Co-organized by the Cantor Arts Center
at Stanford University and the San Francisco Museum of Modern Art, Flesh and Metal: Body and Machine in Early 20th-Century Art presents more than 70 artworks that explore a central dynamic of art making in Europe and the Americas between the 1910s and the early 1950s. On view from November 13, 2013 to March 16, 2014 at the Cantor Arts Center, the exhibition includes a rich group of paintings, sculptures, photographs, drawings, prints, and illustrated books from the collection of SFMOMA. Taken together, the works offer a fresh view of how artists negotiated the terrain between the mechanical and the bodilytwo oppositional yet inextricably bound forcesto produce a wide range of imagery responding to the complexity of modern experience.
Featured artists include Margaret Bourke-White, Constantin Brancusi, Giorgio de Chirico, Salvador Dalí, Marcel Duchamp, Germaine Krull, Fernand Léger, Wyndham Lewis, László Moholy-Nagy, Piet Mondrian, Man Ray, Alexander Rodchenko, and Charles Sheeler, among others.
The exhibition is part of the collaborative museum shows and extensive off-site programming presented by SFMOMA while its building is temporarily closed for expansion construction. From the summer of 2013 to early 2016, SFMOMA is on the go, presenting a dynamic slate of jointly organized and traveling exhibitions, public art displays and site-specific installations, and newly created education programs throughout the Bay Area.
Flesh and Metal is curated by Hilarie Faberman, Robert M. and Ruth L. Halperin Curator of Modern and Contemporary Art at the Cantor; Nancy J. Troy, Victoria and Roger Sant Professor in Art at Stanford; and from SFMOMA, Janet Bishop, curator of painting and sculpture; Caitlin Haskell, assistant curator of painting and sculpture; and Corey Keller, curator of photography. During winter and spring 2013, Troy and Faberman taught exhibition-related courses at Stanford wherein students assisted with curating, designing, and interpreting the exhibition.
"We are thrilled to pair SFMOMA's world-class collection with Stanfords renowned academic resources, said Connie Wolf, the John and Jill Freidenrich Director of the Cantor Arts Center. Cantor curators and the distinguished chair of the Department of Art and Art History guided seminars specifically for this exhibition, with students examining art of the period, investigating themes, studying design and display issues, and developing writing skills. The students gained immeasurably by this amazing experience and added new research and fresh perspectives to the artwork and to the exhibition. We are proud of the results and delighted to present a unique and invaluable partnership that will enrich the Stanford community, our museum members, and our visitors.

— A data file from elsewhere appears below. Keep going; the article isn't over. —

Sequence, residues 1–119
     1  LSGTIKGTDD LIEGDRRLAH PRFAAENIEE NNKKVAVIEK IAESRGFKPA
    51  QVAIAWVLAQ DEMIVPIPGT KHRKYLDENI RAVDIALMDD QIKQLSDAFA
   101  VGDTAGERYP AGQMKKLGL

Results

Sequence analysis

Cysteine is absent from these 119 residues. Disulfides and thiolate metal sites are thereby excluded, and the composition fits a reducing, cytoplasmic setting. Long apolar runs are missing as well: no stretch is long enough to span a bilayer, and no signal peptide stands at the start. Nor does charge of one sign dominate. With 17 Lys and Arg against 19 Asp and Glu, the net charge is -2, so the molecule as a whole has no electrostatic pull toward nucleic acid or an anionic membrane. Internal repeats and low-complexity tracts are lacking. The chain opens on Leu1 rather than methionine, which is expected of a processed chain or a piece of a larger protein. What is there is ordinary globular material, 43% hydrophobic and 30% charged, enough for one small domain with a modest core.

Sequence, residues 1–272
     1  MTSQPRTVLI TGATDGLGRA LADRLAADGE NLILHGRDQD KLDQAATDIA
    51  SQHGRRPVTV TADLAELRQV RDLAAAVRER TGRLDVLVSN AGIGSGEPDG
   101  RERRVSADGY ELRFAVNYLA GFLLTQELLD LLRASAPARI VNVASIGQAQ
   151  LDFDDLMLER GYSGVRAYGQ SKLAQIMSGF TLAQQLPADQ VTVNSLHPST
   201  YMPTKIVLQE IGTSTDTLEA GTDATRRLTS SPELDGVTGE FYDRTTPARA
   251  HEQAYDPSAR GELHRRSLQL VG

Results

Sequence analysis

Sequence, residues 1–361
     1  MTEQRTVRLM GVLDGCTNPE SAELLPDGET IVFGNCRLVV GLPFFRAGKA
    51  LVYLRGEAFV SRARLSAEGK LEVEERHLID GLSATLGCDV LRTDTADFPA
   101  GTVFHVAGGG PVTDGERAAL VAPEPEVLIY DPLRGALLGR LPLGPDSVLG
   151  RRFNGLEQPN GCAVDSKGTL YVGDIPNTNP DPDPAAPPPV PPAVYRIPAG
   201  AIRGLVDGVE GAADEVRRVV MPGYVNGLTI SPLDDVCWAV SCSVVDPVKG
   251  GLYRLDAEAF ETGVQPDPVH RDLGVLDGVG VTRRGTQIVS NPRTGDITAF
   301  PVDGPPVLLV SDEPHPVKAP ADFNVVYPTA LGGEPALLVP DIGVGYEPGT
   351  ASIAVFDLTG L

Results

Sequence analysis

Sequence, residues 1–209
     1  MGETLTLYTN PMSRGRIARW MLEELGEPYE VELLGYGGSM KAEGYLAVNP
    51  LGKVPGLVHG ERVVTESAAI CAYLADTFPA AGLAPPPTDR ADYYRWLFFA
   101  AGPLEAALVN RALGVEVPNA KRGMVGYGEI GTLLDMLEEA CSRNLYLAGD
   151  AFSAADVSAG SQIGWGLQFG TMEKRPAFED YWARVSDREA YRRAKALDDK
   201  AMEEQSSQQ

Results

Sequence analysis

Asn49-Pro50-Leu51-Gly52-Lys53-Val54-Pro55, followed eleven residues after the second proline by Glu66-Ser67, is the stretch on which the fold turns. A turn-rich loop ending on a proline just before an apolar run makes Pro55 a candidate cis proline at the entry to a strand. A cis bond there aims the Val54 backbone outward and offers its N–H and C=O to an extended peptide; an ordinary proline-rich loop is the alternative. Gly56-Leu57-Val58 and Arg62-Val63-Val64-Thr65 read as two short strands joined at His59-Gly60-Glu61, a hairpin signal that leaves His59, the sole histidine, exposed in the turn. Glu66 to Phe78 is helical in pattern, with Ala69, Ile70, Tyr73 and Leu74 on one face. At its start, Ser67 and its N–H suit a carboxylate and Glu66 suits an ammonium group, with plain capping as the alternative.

SFMOMAs Curator of Photography Corey Keller concurred: The opportunity to work with our colleagues at Stanford has been a remarkable experience both in the galleries and in the classroom. We couldnt be prouder of the exhibitions unique perspective on a particularly rich area of SFMOMAs collection that resulted from our collaboration.
The exhibition is organized into four thematic sections dealing with the human figure, the imagination, the urban landscape, and the object, which together reveal a range of artists responses to the conditions of modernity. At the beginning of the 20th century, many hailed the machine as a symbol of progress. Speed and efficiency entered the vocabularies of art movements such as Futurism (in Italy), Purism (in France), Vorticism (in England), and Constructivism (in Russia), all of which adapted the subject matter and formal characteristics of the machine. Factories and laborers were presented positively as emblems of modernity, and mechanization became synonymous with mobility and the possibility of social improvement. Countering this utopian position were proponents of the Dada and Surrealist movements (based largely in Germany and France), who found mechanical production problematic. For many of these artists who had lived through the chaos and destruction of World War I, the machine was perceived as a threat not only to the body, but to the uniquely human qualities of the mind as well. These artists embraced chance, accident, dream, and desire as new paths to freedom and creativity, in contrast to their counterparts who maintained their faith in an industrially enhanced future.
Though art from the first half of the 20th century is often viewed as representing an opposition between the rational, impersonal world of the machine and the uncontrollable, often troubling realm of the human psyche, the work in this exhibition suggests a more nuanced tension. In fact, artists regularly perceived these polarities in tandem. The codes of the bodily and the industrial coalesce in Fernand Légers machine aesthetic, on view in his 1927 painting Two Women on a Blue Backgound and an untitled collage from 1925. For his rayographs, Man Ray made use of mass-produced objects, but deployed them in a lyrical and imaginative mannerplacing them on photosensitized paper and exposing it to light. Constantin Brancusis The Blond Negress (1927) and Jacques Lipchitzs Draped Woman (1919) update the tradition of the cast bronze figure by introducing impersonal geometries. And even the seemingly formulaic surfaces of Piet Mondrians abstract paintings eventually reveal the artists sensitive hand.